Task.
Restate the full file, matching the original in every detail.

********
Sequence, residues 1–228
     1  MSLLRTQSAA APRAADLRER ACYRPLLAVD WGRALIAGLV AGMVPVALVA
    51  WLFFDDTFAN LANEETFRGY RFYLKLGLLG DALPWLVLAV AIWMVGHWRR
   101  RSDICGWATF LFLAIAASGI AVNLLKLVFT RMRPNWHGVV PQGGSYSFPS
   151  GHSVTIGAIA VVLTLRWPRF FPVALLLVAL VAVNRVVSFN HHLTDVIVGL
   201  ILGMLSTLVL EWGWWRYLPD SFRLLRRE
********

Sequence, residues 1–228
     1  MSLLRTQSAA APRAADLRER ACYRPLLAVD WGRALIAGLV AGMVPVALVA
    51  WLFFDDTFAN LANEETFRGY RFYLKLGLLG DALPWLVLAV AIWMVGHWRR
   101  RSDICGWATF LFLAIAASGI AVNLLKLVFT RMRPNWHGVV PQGGSYSFPS
   151  GHSVTIGAIA VVLTLRWPRF FPVALLLVAL VAVNRVVSFN HHLTDVIVGL
   201  ILGMLSTLVL EWGWWRYLPD SFRLLRRE